The People’s Light production of Shakespeare in Love opens with a striking introduction to the acting ensemble that is about to engage us. Through director Matt Pfeiffer’s detailed and enchanting tableau reveal, we immediately understand that this group also reflects Shakespeare’s own troupe of actors, struggling to mount his most recent effort, Romeo and Juliet.
Nothing could be more appropriate, since this marvelous ensemble truly drives the show.
The play is Lee Hall’s adaptation of the Oscar-winning film written by Marc Norman and Tom Stoppard, a preeminent dramatist since the 1970s. It employs Stoppard’s typically silly and subtle humor while aiming straight at the heart of the human points he seeks to make.
The production features the usual strong work of People’s Light regulars Mark Lazar and Stephen Novelli and splendid contributions from Melanye Finister and Mary Elizabeth Scallen, respectively portraying Queen Elizabeth I and the Nurse. A special treat was watching them leap the cross-gender line as male bar-room denizens and actors.
Dan Hodge, Jahzeer Terrell, and Maboud Ebrahimzadeh all stand out in principal roles. Terrell possesses a powerful presence. As such, he’s smartly cast as Elizabethan superstar Ned Alleyn. Ebrahimzadeh (Marlowe) provides one of the evening’s most memorable performances, effortlessly stealing scenes with a glance or throwaway line. Add Anthony Lawton (Burbage), one of Philly’s best actors in his People’s Light debut (what took so long?), and this is, indeed, a cast both skilled and deep.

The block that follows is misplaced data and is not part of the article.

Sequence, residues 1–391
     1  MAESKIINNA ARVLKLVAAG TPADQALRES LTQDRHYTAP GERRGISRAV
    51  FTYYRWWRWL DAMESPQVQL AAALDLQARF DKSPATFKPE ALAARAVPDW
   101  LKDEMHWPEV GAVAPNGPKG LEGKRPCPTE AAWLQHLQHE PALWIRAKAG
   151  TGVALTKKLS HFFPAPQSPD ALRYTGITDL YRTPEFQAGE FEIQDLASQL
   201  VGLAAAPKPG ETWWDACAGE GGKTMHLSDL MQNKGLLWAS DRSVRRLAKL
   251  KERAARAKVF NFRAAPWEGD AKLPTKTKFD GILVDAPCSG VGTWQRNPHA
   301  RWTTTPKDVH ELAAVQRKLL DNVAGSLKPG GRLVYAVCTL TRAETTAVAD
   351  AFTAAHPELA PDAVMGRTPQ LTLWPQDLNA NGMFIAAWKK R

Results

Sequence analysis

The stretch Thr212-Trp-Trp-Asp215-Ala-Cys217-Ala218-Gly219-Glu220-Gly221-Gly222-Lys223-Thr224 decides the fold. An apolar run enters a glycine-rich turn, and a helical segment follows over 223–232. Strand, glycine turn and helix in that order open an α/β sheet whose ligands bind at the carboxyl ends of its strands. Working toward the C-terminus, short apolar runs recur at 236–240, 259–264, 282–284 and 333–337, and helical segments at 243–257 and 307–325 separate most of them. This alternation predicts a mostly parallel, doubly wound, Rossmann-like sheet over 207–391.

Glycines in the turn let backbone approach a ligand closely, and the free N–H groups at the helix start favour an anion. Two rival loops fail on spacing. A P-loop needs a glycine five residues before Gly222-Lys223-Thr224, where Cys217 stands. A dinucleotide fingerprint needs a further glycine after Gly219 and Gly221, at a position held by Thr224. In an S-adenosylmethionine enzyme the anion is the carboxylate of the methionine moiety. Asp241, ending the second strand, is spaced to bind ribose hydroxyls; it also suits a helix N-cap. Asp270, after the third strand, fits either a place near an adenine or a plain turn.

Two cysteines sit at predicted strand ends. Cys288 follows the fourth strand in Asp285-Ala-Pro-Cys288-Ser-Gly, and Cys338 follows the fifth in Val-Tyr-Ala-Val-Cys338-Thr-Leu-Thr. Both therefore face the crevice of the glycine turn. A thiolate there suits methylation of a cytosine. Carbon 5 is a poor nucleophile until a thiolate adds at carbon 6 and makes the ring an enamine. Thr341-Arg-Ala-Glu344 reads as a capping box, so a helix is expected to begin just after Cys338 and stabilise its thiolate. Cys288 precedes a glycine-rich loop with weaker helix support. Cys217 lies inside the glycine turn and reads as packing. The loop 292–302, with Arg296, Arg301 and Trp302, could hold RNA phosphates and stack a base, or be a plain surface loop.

All are to be further commended for assuming one of acting’s greatest challenges: sharing a stage with an animal — a dog (program name Bobby Sheffield), an improviser extraordinaire, who arguably exhibited the night’s most consistent British accent.
Such an impressive ensemble requires commensurate strength from its male and female leads. Here, the ingenue, Taysha Marie Canales (Viola), delivers an earnest but uneven performance, working a bit broadly in comedic sequences and having better success when dealing with Shakespeare’s verse, the story’s later romantic elements, and in resisting her suitor, Wessex (played with flourish by Justin Jain). Jaime Maseda (Shakespeare) commendably serves as the play’s central figure but offers a somewhat general interpretation. He and Canales literally race through the climactic discovery scene of Act I, giving neither their emerging affections nor Shakespeare’s verse the necessary focus and depth.
But along with the stunning ensemble work, Pfeiffer’s production partners worked in an expansive harmony, enhancing the brilliant staging. Paige Hathaway’s scenic design suggested an unfinished elegance, facilitated movement, and flexibly supported changes in mood. Lighting ( by Lily Fossner) and sound textured and reinforced transitions in time and locale. A small upstage orchestra “pit,” featuring Barrymore-winner Alex Bechtel’s original music, provided a momentary hideaway for actors also making instrumental contributions (including Pax Ressler’s fine vocal work). Eli Lynn’s dueling sequences were crisp and cleverly conceived.
The production surprised me — in a good way. As one who worries about the American theatre’s capacity to generate new work, the concern persists that we need to generate more original storylines. Seasons are often filled with revivals, reworked narratives, juke box musicals, and stage plays inspired by film, rather than vice-versa. The dramaturg’s note by Alix Rosenfeld reminds us that adaptation — with Shakespeare the ultimate purveyor — is a long-standing hallmark of theater tradition. Rendered with the skill and artistry that People’s Light brings to this effort, it helps put such concerns to rest.
Shakespeare in Love
Through March 29 at People’s Light, 39 Conestoga Road, Malvern.
Tickets: Starting at $35.